Research conducted among employees in Japan and the United States found that 76 and 63 percent, respectively, welcome AI services such as ChatGPT in the workplace to help them make the right decision at work. However, 80 percent of those surveyed in both countries want such digital tools to be immediately recognized as ‘machines’.
At the end of June, Automatica, the International Trade Fair for Automation and Robotics, will be held in Munich. (Photo: Messe München)
Commissioned by the organization behind the research Automatic, the Automation and Robotics International Trade Show, among 1,000 employees in both the United States and Japan. Automatica will be held in Munich from June 27 to 30.
“Robotics and artificial intelligence software like ChatGBT are rapidly shaping the workplace of the future. If these technologies are used correctly, we can improve workplaces enormously,” said Patrick Schwarzkopf, member of the Automation Advisory Board at Messe München in Germany.
According to the International Federation of Robotics, Japan has 399 robots per 10,000 manufacturing workers. Demand for industrial robots is strongly driven by global semiconductor shortages. A chronic shortage of staff is also a trigger.
In the US, the automotive industry is a driving force for robotization and automation. The government is pursuing a voluntary target of 50 percent market share in electric vehicle sales by 2030. Most manufacturers are currently investing in industrial robotics and joint applications to master the transition to final assembly and finishing operations. However, about 20 percent of workers are seriously concerned about using robots in a factory because workers need special training to use them.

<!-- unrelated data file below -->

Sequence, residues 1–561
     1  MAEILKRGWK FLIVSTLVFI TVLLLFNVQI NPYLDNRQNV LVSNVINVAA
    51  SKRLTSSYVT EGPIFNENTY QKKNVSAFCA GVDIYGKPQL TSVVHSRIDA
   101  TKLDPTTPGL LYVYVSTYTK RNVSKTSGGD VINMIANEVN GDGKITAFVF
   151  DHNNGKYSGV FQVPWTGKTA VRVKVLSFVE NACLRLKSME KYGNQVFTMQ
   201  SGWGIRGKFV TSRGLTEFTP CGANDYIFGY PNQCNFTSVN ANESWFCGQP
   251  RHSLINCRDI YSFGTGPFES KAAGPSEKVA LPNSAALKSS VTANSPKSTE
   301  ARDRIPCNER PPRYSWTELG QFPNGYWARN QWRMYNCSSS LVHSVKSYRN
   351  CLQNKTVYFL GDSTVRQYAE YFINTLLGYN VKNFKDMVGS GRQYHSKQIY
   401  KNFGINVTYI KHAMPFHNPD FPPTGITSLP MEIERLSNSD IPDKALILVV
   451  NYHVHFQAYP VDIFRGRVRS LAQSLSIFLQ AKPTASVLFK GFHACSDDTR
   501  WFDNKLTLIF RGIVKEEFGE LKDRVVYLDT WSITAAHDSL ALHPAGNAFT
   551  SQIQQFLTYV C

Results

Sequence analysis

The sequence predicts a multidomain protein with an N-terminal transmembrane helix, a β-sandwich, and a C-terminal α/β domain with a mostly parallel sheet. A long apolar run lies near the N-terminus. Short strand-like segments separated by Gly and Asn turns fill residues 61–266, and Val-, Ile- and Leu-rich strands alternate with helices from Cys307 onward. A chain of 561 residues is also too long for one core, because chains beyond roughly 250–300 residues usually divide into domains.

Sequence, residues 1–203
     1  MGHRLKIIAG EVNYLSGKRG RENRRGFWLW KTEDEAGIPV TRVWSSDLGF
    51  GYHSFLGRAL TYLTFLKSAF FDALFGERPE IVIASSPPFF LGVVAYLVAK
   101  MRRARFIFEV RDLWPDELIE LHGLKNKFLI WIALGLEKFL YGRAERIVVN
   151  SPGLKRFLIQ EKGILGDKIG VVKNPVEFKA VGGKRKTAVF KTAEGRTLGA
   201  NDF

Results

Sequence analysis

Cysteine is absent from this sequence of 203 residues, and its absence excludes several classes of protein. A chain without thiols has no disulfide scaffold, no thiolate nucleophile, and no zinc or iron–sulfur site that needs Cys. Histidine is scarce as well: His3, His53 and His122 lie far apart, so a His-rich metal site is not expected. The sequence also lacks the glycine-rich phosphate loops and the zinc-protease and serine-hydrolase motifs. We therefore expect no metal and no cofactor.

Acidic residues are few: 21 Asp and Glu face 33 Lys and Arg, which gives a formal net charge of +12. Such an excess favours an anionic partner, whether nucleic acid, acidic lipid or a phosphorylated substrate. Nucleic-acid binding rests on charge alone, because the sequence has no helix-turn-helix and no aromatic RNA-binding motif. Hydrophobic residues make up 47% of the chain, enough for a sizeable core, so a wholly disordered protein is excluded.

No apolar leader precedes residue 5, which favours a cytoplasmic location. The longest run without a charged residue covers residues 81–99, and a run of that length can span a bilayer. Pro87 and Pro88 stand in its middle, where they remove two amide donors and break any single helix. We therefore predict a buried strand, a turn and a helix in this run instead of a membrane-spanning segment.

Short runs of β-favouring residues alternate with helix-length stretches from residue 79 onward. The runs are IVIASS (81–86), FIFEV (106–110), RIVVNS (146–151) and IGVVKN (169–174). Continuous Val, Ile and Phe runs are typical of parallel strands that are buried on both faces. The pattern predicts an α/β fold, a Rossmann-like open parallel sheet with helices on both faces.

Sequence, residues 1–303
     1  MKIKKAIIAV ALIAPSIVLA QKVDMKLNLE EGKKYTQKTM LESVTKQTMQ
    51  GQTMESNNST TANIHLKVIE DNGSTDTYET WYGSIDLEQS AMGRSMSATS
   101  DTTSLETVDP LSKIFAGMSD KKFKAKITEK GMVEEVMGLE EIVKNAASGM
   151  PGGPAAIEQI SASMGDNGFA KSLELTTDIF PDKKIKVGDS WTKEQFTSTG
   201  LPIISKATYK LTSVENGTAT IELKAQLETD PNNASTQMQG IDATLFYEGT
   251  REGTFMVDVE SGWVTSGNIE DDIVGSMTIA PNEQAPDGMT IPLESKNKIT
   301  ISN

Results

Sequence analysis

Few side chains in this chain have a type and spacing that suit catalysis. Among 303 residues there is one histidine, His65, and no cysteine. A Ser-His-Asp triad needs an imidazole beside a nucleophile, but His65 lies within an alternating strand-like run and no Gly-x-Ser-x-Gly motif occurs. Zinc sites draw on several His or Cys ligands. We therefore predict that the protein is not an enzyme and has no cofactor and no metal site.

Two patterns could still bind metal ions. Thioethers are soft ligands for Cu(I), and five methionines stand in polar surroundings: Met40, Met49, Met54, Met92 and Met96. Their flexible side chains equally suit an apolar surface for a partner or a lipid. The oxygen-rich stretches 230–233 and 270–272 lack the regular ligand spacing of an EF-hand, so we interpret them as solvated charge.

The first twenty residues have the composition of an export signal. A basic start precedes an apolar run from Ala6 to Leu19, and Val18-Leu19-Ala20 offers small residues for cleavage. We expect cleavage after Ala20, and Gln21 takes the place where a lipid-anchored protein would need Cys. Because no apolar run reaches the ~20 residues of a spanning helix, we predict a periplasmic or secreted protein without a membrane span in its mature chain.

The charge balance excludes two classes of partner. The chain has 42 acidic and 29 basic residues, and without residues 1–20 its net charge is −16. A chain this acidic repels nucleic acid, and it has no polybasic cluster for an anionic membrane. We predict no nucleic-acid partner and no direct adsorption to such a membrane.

In both countries they see the benefits of robotization and automation. In Japan, 70 percent of people think robots will help manufacturers deal with factory worker shortages. Majorities accept the benefits that smart machines can provide: 77 percent (US 70%) welcome robots in a factory, lifting heavy loads or carrying out hazardous tasks involving hazardous materials such as chemicals.
But as machines and humans work more closely together, 81 percent in both the U.S. and Japan favor a human-in-command approach. 81 percent said digital technology should leave control to humans. It is acceptable Good work charter The European Robotics Industry, A Guide to Introducing Robotics and Automation in a Human-Centred Approach.”
“We need to actively manage the transition to better machine-human collaboration, and make sure humans don’t get left behind,” says Patrick Schwarzkopf. How traditional manufacturing is changing and how the workplace of the future will evolve is one of the main topics at Automatica 2023.
“Award-winning beer geek. Extreme coffeeaholic. Introvert. Avid travel specialist. Hipster-friendly communicator.”